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Stormwater a threat to Lake Tahoe’s declining clarity

All around Lake Tahoe you see them – in parking lots, on the edges of roads, in residents’ yards.

Big piles of snow.

Not white snow, either.



Dirt-, sand- and grease-filled mounds of frozen water.

Where does that water go when it melts?




All that dirty crud?

It all ends up in the crystal clear water of Lake Tahoe.

Fortunately, some of it is treated; unfortunately, not enough.

“If it’s on the street, it’s going straight to a river or the lake,” said Lauri Kemper, chief of the Lake Tahoe unit of the Lahontan Regional Water Quality Control Board. “It’s not the snow that’s a problem. It’s the grime and soot from the roads that’s in the snow.”

Lake Tahoe’s clarity has declined at a rate of about 1 1/2 feet a year for the last 30 years. The decline is largely attributable to the loading of nitrogen and phosphorous into the lake. The combination of the two leads to algal growth.

The Tahoe Research Group of the University of California, Davis has estimated that 37 percent of the phosphorous and 11 percent of the nitrogen loading into Lake Tahoe comes from the particles in runoff.

“When stormwater from roads goes to a drop inlet, it either goes into a tributary or goes into the lake,” said Kevin Hill, hydrologist for the Tahoe Regional Planning Agency. “I think a lot of people think that it goes into the sewer system, and that’s not the case.”

Heavy winters compound the problem. If snow piles up and melts on a somewhat regular basis, provided there are curbs and gutters in the area, officials aren’t as concerned.

However, “In a real heavy winter like we have now, we start running out of places to put it,” Hill said. “Snow plowed over dirt is a bad situation. You remove the top layer of soil and have twice the damage.”

Nature – without urbanization – is able to handle snow and rainfall. The forest floor naturally filters water, so it doesn’t carry sediment particles to the lake. It is when houses, roads and parking lots are introduced that problems develop.

Nature’s process is “short-circuited,” Hill said. Water runoff is one of the key reasons TRPA limits impervious land coverage in the basin. It is also the basis for the agency’s BMPs – Best Management Practices.

BMPs are improvements on each individual property that would result in improving water quality within the Tahoe Basin. They include installing drip-line trenches to catch stormwater running off of roofs, planting native vegetation, paving a dirt driveway and stabilizing eroding slopes.

Based on a 1997 revision to TRPA code, all property – whether business or residential – around Lake Tahoe will need to be upgraded with BMPs eventually, unless it has already been done. All property in the Lake Tahoe watershed is categorized into Priority 1, 2 or 3 areas. Priority 1 areas must be upgraded by October 2000; Priority 2 by October 2006; and Priority 3 by 2011. Most of South Shore is Priority 2.

“On a large scale, if you haven’t installed BMPs, that would be a good measure to take,” Hill said. “Instead of the volumes of water going into streams, it’s being filtered on your property.”

There also are measures that can be taken – and have been taken – by agencies who control street maintenance, such as South Lake Tahoe, the basin’s counties and the California and Nevada departments of transportation.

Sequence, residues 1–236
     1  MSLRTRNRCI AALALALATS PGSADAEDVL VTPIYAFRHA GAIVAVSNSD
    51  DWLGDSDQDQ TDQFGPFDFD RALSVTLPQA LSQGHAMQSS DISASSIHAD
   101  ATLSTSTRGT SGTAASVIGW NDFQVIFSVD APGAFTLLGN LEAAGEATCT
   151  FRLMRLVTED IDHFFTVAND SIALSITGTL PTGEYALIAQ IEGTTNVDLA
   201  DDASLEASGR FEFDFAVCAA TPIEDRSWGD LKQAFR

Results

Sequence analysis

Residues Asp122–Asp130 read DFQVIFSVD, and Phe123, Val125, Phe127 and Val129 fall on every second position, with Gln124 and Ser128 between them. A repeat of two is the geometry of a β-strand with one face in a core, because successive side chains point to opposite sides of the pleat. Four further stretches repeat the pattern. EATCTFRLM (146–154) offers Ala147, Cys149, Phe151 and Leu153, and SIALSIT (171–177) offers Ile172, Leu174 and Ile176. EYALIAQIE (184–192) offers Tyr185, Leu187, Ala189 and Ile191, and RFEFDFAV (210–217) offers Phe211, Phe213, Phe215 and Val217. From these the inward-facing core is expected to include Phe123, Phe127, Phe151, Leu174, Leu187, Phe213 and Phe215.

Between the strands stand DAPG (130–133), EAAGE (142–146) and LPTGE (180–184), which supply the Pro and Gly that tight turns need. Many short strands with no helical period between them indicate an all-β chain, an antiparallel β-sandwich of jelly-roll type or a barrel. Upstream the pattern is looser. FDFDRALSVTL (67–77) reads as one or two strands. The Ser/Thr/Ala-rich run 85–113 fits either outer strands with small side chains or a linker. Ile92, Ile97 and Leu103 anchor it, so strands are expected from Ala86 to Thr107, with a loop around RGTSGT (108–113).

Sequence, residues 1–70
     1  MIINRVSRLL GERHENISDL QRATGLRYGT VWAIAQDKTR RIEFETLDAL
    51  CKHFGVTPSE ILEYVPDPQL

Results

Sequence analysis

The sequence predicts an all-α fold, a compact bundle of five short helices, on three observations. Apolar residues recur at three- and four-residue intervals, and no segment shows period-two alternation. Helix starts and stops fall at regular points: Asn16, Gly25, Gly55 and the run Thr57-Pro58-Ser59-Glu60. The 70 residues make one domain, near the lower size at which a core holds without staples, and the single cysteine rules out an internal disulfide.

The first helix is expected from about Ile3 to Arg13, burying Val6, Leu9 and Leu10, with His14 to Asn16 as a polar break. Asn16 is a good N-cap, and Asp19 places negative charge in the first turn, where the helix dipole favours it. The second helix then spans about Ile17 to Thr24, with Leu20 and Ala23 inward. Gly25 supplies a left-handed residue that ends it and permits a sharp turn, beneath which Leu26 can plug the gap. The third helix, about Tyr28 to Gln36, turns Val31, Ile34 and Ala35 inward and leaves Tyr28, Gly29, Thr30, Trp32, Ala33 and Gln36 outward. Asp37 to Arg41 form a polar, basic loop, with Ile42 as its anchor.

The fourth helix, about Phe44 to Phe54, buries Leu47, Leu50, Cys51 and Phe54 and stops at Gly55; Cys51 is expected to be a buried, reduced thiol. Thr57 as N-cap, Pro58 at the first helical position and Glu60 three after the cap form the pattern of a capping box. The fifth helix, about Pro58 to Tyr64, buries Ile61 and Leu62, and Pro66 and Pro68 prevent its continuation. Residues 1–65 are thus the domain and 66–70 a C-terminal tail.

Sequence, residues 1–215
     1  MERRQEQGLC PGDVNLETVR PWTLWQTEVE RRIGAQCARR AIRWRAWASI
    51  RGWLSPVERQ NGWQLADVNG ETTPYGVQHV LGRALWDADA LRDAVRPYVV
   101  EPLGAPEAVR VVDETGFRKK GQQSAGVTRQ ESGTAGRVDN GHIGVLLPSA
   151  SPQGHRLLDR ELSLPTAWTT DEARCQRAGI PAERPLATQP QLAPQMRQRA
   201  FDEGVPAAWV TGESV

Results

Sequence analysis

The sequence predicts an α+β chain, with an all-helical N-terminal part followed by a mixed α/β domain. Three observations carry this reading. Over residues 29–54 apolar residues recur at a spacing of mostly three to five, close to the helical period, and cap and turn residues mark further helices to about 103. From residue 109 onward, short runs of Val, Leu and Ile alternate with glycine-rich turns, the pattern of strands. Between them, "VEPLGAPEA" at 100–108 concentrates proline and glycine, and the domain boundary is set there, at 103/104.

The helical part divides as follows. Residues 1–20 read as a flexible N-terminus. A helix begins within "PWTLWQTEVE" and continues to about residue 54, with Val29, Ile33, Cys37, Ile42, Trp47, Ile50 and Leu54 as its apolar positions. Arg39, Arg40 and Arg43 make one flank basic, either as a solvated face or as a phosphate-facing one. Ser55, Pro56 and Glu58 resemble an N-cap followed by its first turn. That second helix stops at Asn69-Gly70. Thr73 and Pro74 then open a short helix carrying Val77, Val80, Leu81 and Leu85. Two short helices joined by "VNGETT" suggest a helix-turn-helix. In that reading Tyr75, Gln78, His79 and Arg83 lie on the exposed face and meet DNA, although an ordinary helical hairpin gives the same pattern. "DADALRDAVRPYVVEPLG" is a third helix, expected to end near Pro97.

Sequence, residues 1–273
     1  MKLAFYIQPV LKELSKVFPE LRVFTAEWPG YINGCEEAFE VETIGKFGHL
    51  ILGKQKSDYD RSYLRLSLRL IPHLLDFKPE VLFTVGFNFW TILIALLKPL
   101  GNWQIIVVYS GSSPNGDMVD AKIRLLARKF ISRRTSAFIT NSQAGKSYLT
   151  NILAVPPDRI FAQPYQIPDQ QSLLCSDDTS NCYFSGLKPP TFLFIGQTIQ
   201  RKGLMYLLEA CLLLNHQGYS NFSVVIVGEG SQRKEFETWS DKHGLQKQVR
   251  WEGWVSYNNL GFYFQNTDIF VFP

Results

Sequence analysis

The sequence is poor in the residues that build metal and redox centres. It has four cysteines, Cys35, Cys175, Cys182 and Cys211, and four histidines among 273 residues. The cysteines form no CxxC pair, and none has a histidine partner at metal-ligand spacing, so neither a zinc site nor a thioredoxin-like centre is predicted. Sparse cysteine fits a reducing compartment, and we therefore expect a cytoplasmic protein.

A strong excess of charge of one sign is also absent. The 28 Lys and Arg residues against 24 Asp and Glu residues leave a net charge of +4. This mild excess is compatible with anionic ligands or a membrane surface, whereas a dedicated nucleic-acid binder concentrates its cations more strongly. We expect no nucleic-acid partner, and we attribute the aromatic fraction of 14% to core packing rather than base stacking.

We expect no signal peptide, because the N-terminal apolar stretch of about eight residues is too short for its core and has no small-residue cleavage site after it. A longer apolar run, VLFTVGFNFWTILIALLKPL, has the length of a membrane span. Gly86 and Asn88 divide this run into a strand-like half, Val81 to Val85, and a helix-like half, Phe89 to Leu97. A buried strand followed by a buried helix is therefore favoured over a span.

Around the basin, agencies have installed sand traps in drop inlets, which filter out some sediment particles, Kemper said. They can be inefficient, however, if they are not maintained or if the runoff produces high flows. Agencies, such as the city of South Lake Tahoe, use stormwater vaults, which trap even finer particles and work during periods of strong runoff. Grease and oil separators can be installed in the vaults.

Additionally, retention basins and trenches have been built throughout the basin to act as Mother Nature would if no urbanization was present, filtering out the sediment from runoff.

NDOT uses newscasts from weather stations on the East Shore to give it the most accurate information regarding the snow on the roads. That allows snow removal crews to sand and salt only when absolutely necessary.

Through a nationwide program, agencies are responsible for the runoff from their streets. Lahontan on the California side of the basin and the Nevada Department of Environmental Protection on the other side ensure those agencies make strides to improve their runoff programs.

Lahontan is in the process of reissuing the municipal stormwater permits for Caltrans, South Lake Tahoe and El Dorado and Placer counties. What is identified on the permits ties into programs identified in TRPA’s Environmental Improvement Program.

“They’ve all made a lot of improvements, but we’re not at a pace to achieve what the EIP has set out to do,” Kemper said.

The EIP identifies capital investments that need to be made over the next decade to meet TRPA’s thresholds for water quality, soil conservation, air quality, vegetation, wildlife, fisheries, recreation and scenery. The EIP roughly divides up the $908 million price tag for implementation between federal, state and local governments as well as the private sector.

Hill said at least half of the costs identified in the document are related to water quality and soil conservation work. The costs, however, don’t take into account maintenance of the projects or BMPs.

“There is a lot that has been done. We have made significant progress in the last 10 years, but still there’s a fair amount of (runoff) going straight to the lake or its tributaries,” Hill said. “It’s a hard problem to fix. We’ve made strides, but there are thousands of non-point sources, and it’s hard to treat that many points of runoff. It goes back to the BMPs. Every individual parcel can help.”


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